Watering tomatoes isn’t a hard task as long as you avoid waterlogging and inconsistent watering because they lead to two problems.
First, they can cause tomato fruits to split and crack and second, they can slow down the ripening process.
Too much water in the growing medium can severely harm your tomatoes; they won’t only ripen slowly but their growth can be significantly inhibited.
A rule of thumb is to give these veggies approximately an inch of water per week. This amount includes rainwater and supplemental watering.
There’s one simple method tomato growers, including me, use to determine the weekly amount of water these plants receive. You’ll only need a can of tuna, preferably an inch deep.
Sink it into the ground at the end of the row and check it after one week. Reading the results is simple; if the can isn’t full, give your tomatoes more water, and if water overflows, reduce watering.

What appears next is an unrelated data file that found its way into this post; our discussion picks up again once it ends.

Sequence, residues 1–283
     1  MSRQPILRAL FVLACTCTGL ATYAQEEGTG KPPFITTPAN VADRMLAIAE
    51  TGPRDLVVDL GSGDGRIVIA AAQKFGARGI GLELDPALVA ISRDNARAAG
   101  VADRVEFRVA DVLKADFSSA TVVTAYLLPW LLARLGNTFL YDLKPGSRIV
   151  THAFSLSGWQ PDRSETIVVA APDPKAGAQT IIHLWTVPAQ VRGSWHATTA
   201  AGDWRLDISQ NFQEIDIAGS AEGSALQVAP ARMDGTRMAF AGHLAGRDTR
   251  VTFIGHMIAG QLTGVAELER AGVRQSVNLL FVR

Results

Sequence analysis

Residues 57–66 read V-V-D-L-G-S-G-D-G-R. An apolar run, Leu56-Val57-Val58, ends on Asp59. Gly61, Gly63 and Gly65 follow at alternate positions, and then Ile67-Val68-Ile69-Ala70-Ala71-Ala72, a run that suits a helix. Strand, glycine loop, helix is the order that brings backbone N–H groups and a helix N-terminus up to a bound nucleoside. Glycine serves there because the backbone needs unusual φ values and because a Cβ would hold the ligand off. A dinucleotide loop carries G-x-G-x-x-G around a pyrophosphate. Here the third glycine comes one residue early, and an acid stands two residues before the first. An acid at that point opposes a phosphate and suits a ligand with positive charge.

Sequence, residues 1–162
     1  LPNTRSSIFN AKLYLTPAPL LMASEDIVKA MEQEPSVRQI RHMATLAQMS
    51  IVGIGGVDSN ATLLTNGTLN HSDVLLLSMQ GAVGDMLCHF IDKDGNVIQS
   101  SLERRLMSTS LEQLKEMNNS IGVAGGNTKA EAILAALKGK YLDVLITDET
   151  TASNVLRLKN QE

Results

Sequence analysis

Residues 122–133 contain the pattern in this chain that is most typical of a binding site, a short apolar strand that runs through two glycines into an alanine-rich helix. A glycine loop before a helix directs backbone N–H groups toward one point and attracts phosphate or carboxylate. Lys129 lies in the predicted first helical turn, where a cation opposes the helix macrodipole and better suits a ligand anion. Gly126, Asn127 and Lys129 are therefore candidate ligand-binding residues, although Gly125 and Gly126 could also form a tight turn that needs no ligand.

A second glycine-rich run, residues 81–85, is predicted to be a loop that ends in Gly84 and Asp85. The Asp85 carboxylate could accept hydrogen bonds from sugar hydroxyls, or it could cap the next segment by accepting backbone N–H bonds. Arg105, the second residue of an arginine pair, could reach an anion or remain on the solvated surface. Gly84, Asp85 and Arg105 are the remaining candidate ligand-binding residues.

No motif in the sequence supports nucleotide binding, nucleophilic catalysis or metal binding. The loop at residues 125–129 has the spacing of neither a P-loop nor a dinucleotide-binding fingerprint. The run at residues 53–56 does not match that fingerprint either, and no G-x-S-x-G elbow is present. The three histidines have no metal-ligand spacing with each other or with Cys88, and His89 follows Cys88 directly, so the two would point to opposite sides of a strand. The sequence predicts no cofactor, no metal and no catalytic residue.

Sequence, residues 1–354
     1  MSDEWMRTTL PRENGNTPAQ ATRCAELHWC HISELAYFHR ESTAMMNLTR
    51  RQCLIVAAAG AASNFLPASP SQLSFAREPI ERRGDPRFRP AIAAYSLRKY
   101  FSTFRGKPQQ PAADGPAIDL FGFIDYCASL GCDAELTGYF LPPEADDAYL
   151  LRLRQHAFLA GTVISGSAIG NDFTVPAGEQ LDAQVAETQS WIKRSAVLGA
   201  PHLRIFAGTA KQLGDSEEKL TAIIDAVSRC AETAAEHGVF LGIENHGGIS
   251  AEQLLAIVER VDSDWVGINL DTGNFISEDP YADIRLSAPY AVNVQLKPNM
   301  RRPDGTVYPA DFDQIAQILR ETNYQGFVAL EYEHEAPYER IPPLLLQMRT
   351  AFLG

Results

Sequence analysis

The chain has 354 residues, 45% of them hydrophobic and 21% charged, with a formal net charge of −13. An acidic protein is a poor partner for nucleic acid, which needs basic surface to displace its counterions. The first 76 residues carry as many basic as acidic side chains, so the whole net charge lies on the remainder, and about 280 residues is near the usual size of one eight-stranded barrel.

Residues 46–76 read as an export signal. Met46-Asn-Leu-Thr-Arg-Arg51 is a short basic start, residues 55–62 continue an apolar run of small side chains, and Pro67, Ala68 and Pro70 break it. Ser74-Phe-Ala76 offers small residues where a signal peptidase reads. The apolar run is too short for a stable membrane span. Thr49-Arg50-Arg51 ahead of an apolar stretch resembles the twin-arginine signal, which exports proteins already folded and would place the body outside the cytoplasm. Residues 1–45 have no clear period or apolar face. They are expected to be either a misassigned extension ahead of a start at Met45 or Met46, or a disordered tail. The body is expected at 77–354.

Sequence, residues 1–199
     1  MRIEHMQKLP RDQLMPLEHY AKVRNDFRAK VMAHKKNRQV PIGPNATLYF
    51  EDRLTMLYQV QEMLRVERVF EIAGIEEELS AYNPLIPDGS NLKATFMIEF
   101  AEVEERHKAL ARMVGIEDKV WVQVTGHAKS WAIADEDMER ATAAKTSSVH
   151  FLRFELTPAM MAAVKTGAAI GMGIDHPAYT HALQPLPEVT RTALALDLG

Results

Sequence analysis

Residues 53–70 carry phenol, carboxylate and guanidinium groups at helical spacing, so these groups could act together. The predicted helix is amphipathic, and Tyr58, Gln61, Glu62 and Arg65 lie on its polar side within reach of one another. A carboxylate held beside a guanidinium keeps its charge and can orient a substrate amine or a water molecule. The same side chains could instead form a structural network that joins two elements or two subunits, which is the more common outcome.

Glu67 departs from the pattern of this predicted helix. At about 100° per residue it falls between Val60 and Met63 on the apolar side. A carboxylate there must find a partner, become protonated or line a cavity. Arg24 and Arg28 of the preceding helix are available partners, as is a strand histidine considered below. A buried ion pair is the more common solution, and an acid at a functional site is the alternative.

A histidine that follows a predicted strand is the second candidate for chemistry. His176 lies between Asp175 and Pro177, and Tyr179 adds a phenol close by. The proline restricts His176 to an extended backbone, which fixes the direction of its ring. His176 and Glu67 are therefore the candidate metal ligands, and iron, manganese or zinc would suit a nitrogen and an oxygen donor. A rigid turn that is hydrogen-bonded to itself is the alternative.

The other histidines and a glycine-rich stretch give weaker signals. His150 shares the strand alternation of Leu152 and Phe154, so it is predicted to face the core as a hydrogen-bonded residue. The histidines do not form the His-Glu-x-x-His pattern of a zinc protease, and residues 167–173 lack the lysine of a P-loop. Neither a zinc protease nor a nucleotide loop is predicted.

If you use a drip irrigation system, make sure the line drips into the can, too.
3. Induce Managed Plant Stress By Delaying Watering
I’ve shown you what overwatering can do to tomato plants and now it’s time to see if underwatering is also that dangerous.
Surprisingly, no; it can actually create the opposite effect and enhance ripening. The story behind this is pretty simple.
Plants know that their life could come to an end if they don’t receive any water. The main goal of these living beings is to reproduce, i.e., produce fruits and seeds to give rise to another life.
So, your tomatoes will ‘think’ they are in mortal danger and send all their energy to ripening to generate new seeds. (1)
Interestingly, this method is frequently used to improve the flavor of homegrown tomatoes.
Bear in mind that water stressing tomatoes doesn’t mean you should completely cut off the water supply. Your goal is to gradually reduce the water these plants receive to trick them into ripening.
You can reduce supplemental watering or stop watering and leave the rain to do all the work. The latter technique is suitable only in regions with more frequent rainfall.